MAR 19, 2019 9:46 AM PDT

Scientists Are Developing a Better Understanding of Ultima Thule Post Fly-By

WRITTEN BY: Anthony Bouchard

Before NASA’s precedent-setting New Horizons spacecraft flew past Kuiper Belt Object (KBO) Ultima Thule on New Year’s Day, no one was entirely sure what to expect; after all, humankind had never photographed a KBO up close before. That aside, Hew Horizons delivered astonishing results and provided planetary scientists with a bevy of detailed images that will inspire a greater understanding of the host of objects that exist in the Kuiper Belt today.

One of the clearest pictures of Ultima Thule to be received from New Horizons since the fly-by on New Year's Day.

Image Credit: NASA/Johns Hopkins University Applied Physics Laboratory/Southwest Research Institute/National Optical Astronomy Observatory

It’s been almost three months since NASA’s New Horizons spacecraft conducted its historical fly-by mission with Ultima Thule (2014 MU69), and while the spacecraft has already beamed back many of its clearest images of the distant world, planetary scientists are only beginning to understand the object’s history and its role in the formation of the solar system.

Mission scientists had a lot to say about Ultima Thule at this week’s 50th Lunar and Planetary Science Conference in Texas, and as it would seem, there’s almost no question that Ultima Thule is indeed a primordial contact binary. Moreover, the object’s peculiar ‘flattened’ shape, which was revealed in images just last month, was of particular interest to mission scientists.

“We’ve never seen anything like this anywhere in the solar system,” commented Alan Stern, the principal investigator of the New Horizons mission. “It is sending the planetary science community back to the drawing board to understand how planetesimals – the building blocks of the planets – form.”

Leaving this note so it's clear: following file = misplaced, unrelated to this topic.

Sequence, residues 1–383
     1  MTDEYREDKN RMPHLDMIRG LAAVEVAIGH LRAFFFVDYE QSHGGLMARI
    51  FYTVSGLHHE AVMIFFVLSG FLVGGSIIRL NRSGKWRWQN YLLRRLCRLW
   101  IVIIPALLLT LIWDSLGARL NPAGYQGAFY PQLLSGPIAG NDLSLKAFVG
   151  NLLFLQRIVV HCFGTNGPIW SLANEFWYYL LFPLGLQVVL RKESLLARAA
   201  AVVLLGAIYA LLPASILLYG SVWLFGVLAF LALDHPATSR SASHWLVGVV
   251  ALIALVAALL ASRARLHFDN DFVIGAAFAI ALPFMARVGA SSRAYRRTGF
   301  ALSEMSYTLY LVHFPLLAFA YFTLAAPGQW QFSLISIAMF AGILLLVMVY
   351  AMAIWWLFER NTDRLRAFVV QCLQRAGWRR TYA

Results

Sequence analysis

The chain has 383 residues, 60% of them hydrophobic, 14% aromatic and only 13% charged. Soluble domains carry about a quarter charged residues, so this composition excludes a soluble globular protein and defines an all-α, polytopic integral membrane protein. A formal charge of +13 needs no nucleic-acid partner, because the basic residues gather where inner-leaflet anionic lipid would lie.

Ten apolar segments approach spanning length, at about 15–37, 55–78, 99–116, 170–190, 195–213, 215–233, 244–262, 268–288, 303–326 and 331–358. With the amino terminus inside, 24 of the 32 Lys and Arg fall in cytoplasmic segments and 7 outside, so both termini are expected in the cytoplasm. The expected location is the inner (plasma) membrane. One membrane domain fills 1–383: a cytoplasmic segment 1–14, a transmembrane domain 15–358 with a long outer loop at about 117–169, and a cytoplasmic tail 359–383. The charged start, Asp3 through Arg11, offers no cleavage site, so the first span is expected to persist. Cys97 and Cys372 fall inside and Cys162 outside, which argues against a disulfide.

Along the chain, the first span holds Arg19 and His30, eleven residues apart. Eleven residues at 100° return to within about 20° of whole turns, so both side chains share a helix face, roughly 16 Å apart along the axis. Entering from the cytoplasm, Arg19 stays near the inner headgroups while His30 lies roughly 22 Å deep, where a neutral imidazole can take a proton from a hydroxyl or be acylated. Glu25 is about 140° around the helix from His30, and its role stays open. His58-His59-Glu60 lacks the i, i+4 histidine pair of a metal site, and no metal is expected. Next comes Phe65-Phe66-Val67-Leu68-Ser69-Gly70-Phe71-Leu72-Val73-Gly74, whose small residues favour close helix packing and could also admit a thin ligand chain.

Related: NASA's New Horizons probe grabbed incredible pictures of Pluto during its historical fly-by

Given that New Horizons is a primordial object, it can be assumed that the distant world came into existence after hunks of primordial matter accreted and grew over time. The two lobes that comprise Ultima Thule weren’t always conjoined; instead, they orbited one another and slowly coalesced in what can only be described as a “gentle merger,” forming the seemingly-insignificant KBO that we can observe today.

“This fits with general ideas of the beginning of our solar system,” added mission co-investigator William McKinnon. “Much of the orbital momentum of the Ultima Thule binary must have been drained away for them to come together like this. But we don’t know yet what processes were most important in making that happen.”

Related: Learn more about the many records New Horizons shattered during its most recent mission

The solar system is thought to have formed more than 4.5 billion years ago, and Ultima Thule must have combined into the dual-lobed object that it is today sometime after that. While this much seems self-evident, understanding how it all went down is a more challenging feat, but clues left behind on the KBO’s surface are helping scientists devise theories about it all.

For one, Ultima Thule’s ‘neck’ (or the part that conjoins the two lobes) appears bent in the photographs. This characteristic strongly supports that each of the lobes orbited one another before conjoining and that the opposing forces left their mark shortly after the merger.

Scientists have also confirmed that Ultima Thule is indeed very red in color much like other KBOs, but also note that there are subtle discolorations in the object’s surface that have yet to be explained. Methanol, water ice, and other organic molecules have also been all but confirmed to exist on the world’s enigmatic surface.

The New Horizons spacecraft currently resides more than 4.1 billion miles away from Earth, and as you might come to expect, this adds quite a bit of latency in the time it takes for information to reach Earth. We still don’t have all the data from this particular fly-by mission, and NASA says we won’t have all of it until sometime next Summer. With that in mind, we can only imagine what else scientists might learn from the data as it slowly trickles in, but it should be interesting nevertheless.

Source: NASA

About the Author
Fascinated by scientific discoveries and media, Anthony found his way here at LabRoots, where he would be able to dabble in the two. Anthony is a technology junkie that has vast experience in computer systems and automobile mechanics, as opposite as those sound.
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